At the still point of the turning world. Neither flesh nor fleshless;
Neither from nor towards; at the still point, there the dance is,
But neither arrest nor movement. And do not call it fixity,
Where past and future are gathered. Neither movement from nor towards,
Neither ascent nor decline. Except for the point, the still point,
There would be no dance, and there is only dance.
I can only say, there we have been: but I cannot say where.
And I cannot say, how long, for that is to place it in time.
I am swamped and I am reading how others are swamped. I am tempted to call this cognitive dissonance, but I don’t think that concept catches or carries the embodiment that is #rhizo14. Instead, I have been trying to process just like Agent J in MIB:
This morning I remembered. I had been in this neighborhood before. How could I have forgotten? What I remembered was an astonishing blog post by one of my favorite web iconoclasts, Venkatesh Rao. I have been dogging his blog, ribbonfarm, for many years. I have been slowing reading and re-reading his book Tempo for almost as long. What I remembered was his take on James C. Scott’s concept of ‘legibility’. Scott argues that the state in order to carry forth its institutional imperatives (taxation, for example) takes complexity either in nature or in society and reduces it to counable and manageable chunks. The picture below speaks volumes more than I could.
Rao uses an example from Stephen Johnson to elaborate on the concept:
In Mind Wide Open, Steven Johnson’s entertaining story of his experiences subjecting himself to all sorts of medical scanning technologies, he describes his experience with getting an fMRI scan. Johnson tells the researcher that perhaps they should start by examining his brain’s baseline reaction to meaningless stimuli. He naively suggests a white-noise pattern as the right starter image. The researcher patiently informs him that subjects’ brains tend to go crazy when a white noise (high Shannon entropy) pattern is presented. The brain goes nuts trying to find order in the chaos. Instead, the researcher says, they usually start with something like a black-and-white checkerboard pattern.
Rhizomatic learning invokes the illegible, the complex, and the organic. It is not so much uncomfortable so much as it irreconcileable. Rao sums up, “it is easier to comprehend the whole by walking among the trees, absorbing the gestalt, and becoming a holographic/fractal part of the forest, than by hovering above it.” It isn’t that we can’t see the forest for the trees. It is that we can’t become the forest when we make the trees legible. In this sense many of the current attempts to make learning legible are doomed to complete or nearly complete failure. The messified feelings we get from rhizomatic learning arise not from the process but rather from an attempt to demystify and order/control/guide the process . We say to ourselves (or at least I have said to myself), “How can I use this in my classroom, my professional life, my life?”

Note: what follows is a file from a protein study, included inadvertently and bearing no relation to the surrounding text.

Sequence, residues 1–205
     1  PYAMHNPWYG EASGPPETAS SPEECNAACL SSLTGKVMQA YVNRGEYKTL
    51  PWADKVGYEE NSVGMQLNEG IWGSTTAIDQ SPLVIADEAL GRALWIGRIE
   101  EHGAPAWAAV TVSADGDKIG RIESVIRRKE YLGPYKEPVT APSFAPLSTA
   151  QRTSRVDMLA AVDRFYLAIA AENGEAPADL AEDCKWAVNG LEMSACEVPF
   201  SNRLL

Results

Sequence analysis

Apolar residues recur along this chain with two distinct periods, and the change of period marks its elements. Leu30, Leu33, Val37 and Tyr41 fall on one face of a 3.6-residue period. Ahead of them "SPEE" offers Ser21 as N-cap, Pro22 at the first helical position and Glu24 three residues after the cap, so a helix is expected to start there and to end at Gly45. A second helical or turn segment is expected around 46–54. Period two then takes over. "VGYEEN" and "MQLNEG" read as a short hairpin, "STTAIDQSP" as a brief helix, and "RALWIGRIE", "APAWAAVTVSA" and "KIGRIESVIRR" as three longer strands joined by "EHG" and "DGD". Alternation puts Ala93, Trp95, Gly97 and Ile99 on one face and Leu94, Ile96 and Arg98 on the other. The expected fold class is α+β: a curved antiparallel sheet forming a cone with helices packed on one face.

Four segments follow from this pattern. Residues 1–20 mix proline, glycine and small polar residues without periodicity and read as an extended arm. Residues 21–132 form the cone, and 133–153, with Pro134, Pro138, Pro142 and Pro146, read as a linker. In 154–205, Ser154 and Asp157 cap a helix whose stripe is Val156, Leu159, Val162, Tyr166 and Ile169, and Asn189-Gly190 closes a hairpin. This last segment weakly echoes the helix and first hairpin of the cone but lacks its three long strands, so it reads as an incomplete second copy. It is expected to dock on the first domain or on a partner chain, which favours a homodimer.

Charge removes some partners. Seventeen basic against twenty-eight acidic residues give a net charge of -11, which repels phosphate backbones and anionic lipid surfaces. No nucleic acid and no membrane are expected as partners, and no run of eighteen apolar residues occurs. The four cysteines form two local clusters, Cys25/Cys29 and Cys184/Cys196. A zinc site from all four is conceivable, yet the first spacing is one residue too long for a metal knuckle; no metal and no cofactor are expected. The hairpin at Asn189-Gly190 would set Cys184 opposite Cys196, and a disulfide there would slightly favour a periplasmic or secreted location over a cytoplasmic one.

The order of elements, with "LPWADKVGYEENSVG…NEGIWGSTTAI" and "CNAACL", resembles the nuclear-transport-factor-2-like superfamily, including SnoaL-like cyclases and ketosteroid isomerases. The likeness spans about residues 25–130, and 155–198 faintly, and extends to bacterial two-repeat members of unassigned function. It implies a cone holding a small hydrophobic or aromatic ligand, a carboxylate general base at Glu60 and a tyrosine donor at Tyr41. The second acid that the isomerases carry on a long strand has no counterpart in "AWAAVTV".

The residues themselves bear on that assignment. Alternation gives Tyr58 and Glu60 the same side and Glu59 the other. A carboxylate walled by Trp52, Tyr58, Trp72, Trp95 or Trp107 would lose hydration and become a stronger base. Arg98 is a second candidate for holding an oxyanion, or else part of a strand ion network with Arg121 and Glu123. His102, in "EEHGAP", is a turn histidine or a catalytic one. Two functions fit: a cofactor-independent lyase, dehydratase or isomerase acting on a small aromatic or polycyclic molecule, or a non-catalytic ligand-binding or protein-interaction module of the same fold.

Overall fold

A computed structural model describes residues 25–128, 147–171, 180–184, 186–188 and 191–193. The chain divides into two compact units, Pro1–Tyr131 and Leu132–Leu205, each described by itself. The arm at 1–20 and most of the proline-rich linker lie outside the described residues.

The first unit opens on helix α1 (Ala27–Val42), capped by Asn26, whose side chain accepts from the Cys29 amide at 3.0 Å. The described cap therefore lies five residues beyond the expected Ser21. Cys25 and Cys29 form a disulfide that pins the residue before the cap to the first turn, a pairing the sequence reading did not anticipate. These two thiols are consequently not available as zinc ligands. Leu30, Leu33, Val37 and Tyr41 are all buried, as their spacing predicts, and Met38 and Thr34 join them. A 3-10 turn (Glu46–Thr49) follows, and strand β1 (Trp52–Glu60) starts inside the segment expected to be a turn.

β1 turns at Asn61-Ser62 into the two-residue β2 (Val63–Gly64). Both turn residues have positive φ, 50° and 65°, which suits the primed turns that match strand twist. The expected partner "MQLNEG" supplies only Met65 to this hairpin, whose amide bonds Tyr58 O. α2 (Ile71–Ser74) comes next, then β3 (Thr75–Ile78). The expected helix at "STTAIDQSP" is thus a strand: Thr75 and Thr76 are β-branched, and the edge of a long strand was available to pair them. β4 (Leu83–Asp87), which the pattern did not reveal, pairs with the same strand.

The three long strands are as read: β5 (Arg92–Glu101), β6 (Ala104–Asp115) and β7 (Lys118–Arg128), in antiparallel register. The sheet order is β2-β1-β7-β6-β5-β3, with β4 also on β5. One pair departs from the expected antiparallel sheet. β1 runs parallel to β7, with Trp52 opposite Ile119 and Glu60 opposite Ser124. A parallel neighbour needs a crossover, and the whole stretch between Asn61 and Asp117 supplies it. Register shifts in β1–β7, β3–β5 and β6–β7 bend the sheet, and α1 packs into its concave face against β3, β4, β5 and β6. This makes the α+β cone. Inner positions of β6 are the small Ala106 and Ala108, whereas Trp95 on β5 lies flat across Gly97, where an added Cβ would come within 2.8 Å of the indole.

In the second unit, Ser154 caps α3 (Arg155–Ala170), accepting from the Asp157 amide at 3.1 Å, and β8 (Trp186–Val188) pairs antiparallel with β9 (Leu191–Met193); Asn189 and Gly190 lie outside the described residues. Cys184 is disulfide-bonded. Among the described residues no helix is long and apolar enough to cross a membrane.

We likely can’t in the normal, transactional sense. Rhizomatic learning is a sample of one. And then another. Our attempts to generalize beyond that might be doomed to the same failure that curriculum planners often come to when they textbook-ify a discipline. That is not just an uncomfortable feeling for some. That is terrifying for some. For me it isn’t about letting go, for me it is about letting come. I must let the forest come, let the gestalt arise, let the zeitgeist form. [Insert any words here because mine fail.] As always, I could be wrong.
Last night at our first unhangout Dave Cormier admitted that he hadn’t much cottoned to Diigo as a digital tool. I think Jaap must’ve been surprised too because he responded in our Rhizo14 Diigo Group, a screenshot taken with Diigo below.
I have rarely been able to get people to play with me on Diigo. For example, in line with our topic this week of cheating I suggested to Jaap above that we find a post or article to share (via Diigo) and highlight and annotate it as our Diigo Group Rhizome14. After we had done the group annotation we would extract them (one click with Diigo) and then write up an individual post where we would not attribute each others notes. All for one and one for all. When we had completed our individual posts we could then debrief and describe how it felt to ‘steal and cheat’. (My guess is that it would feel pretty satisfying.) Then we could mark up our work with color highlights to indicate who ‘owned’ what and see how that felt.
I live in constant fear that Diigo will go under. It is a multi-tool of the mind. The more I use it, the more I find uses for it. Classic sign of a good tool. So…
I suggest we take a close look at Dave’s 2008 article on rhizomatics here and annotate it. Then we can share our notes in common, write a post/poem/digital object/video/podcast in response, and then reflect separately (posts with twitter hashtag) and together (google hangout on air). I am happy to provide resources and help to prime the pump here.
In the spirit of play, any givers, any takers?